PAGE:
The Vodafone Group (LSE: VOD) share price rose on Friday morning, after the FTSE 100 telecoms giant issued a strong trading update.
My investing goal is to build a portfolio that provides a rising, passive income. Vodafone’s 6.6% dividend yield makes it a tempting choice, but can the company maintain, or increase, this payout over time? I’ve been taking a fresh look.
Europe is bouncing back
Vodafone’s revenue rose by 5.7% to €11,101m during the quarter to 30 June. Much of this increase seems to be driven by the reopening trade. Revenue from roaming charges rose by 56% during the period — although they were still 54% lower than before the pandemic.
Income from the group’s business customers also rose, with a 2.7% increase in service revenue.
The recovery still has a way to go, but it seems people are on the move again. I expect further gains over the next six months, assuming the pandemic continues to ease.
Africa looks exciting
I’m pleased to see Vodafone’s European operations also return to growth. But the reality is that European telecoms networks are fairly mature businesses. Populations aren’t getting much bigger and most people already have mobile and broadband services.
Looking ahead, I reckon the exciting growth opportunity is in Africa. Vodafone is one of the largest mobile operators in this market, covering 67% of the continent’s population.
The numbers are huge. Over the last year, the number of Vodafone mobile users in Africa has risen by 10% to 181.6m. By comparison, Vodafone only has 65.6m mobile customers in Europe.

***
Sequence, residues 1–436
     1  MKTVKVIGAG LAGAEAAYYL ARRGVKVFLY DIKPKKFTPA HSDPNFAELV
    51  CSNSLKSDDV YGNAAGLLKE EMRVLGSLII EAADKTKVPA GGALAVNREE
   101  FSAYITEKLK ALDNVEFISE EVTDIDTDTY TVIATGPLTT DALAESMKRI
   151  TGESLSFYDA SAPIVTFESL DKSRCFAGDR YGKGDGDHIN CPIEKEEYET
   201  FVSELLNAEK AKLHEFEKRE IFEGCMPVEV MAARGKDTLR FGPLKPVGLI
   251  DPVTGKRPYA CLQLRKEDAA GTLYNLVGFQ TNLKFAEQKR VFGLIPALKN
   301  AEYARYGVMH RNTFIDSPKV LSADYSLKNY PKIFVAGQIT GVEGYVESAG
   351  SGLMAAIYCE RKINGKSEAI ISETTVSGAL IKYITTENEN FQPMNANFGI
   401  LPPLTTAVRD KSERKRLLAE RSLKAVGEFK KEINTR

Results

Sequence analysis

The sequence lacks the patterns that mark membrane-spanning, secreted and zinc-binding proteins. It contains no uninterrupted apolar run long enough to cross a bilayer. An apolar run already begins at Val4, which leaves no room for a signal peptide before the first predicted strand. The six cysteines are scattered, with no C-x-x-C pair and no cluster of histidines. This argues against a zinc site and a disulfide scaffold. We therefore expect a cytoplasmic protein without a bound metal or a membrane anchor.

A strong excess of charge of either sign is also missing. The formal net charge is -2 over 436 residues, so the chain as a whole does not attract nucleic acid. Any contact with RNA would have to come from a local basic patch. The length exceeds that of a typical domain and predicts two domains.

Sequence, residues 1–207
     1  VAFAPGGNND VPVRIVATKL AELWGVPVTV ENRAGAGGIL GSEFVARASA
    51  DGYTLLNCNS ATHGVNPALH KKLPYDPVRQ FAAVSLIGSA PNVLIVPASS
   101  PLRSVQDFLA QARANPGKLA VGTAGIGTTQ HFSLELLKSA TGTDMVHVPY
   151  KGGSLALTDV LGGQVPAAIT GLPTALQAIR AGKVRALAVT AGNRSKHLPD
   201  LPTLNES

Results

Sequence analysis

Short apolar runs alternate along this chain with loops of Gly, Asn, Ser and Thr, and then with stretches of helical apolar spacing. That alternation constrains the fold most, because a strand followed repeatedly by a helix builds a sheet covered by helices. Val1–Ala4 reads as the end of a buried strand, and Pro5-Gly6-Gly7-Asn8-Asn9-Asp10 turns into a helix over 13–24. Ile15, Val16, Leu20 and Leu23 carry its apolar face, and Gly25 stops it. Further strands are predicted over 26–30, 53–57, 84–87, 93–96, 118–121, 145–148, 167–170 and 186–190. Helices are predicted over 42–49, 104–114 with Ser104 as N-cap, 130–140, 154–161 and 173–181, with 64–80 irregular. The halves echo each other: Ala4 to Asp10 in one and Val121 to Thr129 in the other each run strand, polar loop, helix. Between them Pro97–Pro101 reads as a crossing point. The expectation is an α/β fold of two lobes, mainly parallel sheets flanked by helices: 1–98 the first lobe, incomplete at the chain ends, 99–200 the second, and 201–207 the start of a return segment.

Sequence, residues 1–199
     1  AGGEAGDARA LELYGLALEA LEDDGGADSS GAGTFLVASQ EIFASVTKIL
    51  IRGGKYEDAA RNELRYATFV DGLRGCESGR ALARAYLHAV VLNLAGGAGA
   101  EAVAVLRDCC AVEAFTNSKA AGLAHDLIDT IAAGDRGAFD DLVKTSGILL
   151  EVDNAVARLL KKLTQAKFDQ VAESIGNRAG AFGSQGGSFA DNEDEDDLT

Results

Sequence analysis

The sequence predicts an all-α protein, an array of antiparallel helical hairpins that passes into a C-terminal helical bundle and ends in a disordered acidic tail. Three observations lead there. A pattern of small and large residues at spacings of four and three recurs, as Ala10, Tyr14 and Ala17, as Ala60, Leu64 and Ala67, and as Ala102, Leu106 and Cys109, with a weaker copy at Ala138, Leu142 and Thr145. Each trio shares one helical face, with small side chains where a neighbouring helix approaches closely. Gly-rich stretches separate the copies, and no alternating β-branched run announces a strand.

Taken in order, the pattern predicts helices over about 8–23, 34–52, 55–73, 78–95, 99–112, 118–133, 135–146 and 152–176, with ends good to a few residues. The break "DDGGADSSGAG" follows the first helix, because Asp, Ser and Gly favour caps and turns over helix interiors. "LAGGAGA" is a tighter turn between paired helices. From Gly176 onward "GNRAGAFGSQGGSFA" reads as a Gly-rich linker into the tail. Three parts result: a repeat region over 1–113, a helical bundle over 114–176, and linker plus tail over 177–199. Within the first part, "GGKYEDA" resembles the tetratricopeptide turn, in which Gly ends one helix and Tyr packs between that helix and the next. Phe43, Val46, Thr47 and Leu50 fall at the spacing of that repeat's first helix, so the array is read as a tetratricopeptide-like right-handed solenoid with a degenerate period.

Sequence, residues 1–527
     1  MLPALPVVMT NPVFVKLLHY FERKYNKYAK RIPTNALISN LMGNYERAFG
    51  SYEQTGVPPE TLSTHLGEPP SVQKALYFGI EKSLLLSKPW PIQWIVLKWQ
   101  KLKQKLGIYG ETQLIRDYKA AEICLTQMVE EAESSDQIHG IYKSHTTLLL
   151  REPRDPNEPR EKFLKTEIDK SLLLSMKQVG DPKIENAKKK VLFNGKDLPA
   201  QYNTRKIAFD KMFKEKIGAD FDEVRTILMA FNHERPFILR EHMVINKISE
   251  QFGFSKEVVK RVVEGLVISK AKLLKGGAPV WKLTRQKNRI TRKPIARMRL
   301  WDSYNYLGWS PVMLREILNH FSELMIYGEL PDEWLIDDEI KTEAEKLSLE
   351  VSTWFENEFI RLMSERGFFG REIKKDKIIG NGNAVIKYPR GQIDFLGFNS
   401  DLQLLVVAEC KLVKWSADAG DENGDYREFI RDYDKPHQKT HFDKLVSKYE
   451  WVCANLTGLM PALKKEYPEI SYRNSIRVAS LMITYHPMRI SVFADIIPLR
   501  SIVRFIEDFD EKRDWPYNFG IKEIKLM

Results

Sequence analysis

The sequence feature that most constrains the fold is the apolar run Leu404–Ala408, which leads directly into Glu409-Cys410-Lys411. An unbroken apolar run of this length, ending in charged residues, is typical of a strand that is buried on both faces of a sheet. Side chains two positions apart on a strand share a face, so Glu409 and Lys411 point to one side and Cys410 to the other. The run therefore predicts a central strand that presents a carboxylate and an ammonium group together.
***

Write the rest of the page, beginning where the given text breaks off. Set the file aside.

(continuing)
The company also has another big growth engine in Africa — the M-Pesa mobile money business. In countries where many people don’t have access to banking, mobile money is big business. M-Pesa handled 4.5bn transactions during the last quarter, serving almost 50m customers.
Vodafone shares: why so cheap?
Vodafone shares offer a 6.6% dividend yield. This is much higher than most of the other big telecoms stocks on the UK market. For example, BT has a forecast yield of 4.1%. Africa-only operator Airtel Africa yields 4.3%.
A higher yield suggests Vodafone shares are rated more cheaply than rivals. Why?
Vodafone generates plenty of cash — certainly enough to support its dividend. The latest guidance from the company is for free cash flow of “at least €5.2 billion” this year. That’s enough to pay the current dividend twice over.
One problem is that Vodafone must also keep spending on new infrastructure and services. Historically, this hasn’t always been very profitable.
CEO Nick Read admits that Vodafone’s returns have not covered the group’s cost of capital in recent years. In plain English, that’s a bit like renting out your house, but not generating enough income to pay the mortgage.
Read reckons he can fix this problem by slimming down the group’s operations and adding more profitable digital services. But he still has some way to go, in my view.
My verdict? If I wanted a good passive income today, I’d buy Vodafone shares for their 6.6% yield.
But if I was investing for a retirement income in the future, I’d look for a business with stronger growth credentials. I can see some risk that Vodafone’s dividend will be worth less in 10 years than it is today.
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Roland Head owns shares of Airtel Africa Plc. The Motley Fool UK has no position in any of the shares mentioned. Views expressed on the companies mentioned in this article are those of the writer and therefore may differ from the official recommendations we make in our subscription services such as Share Advisor, Hidden Winners and Pro. Here at The Motley Fool we believe that considering a diverse range of insights makes us better investors.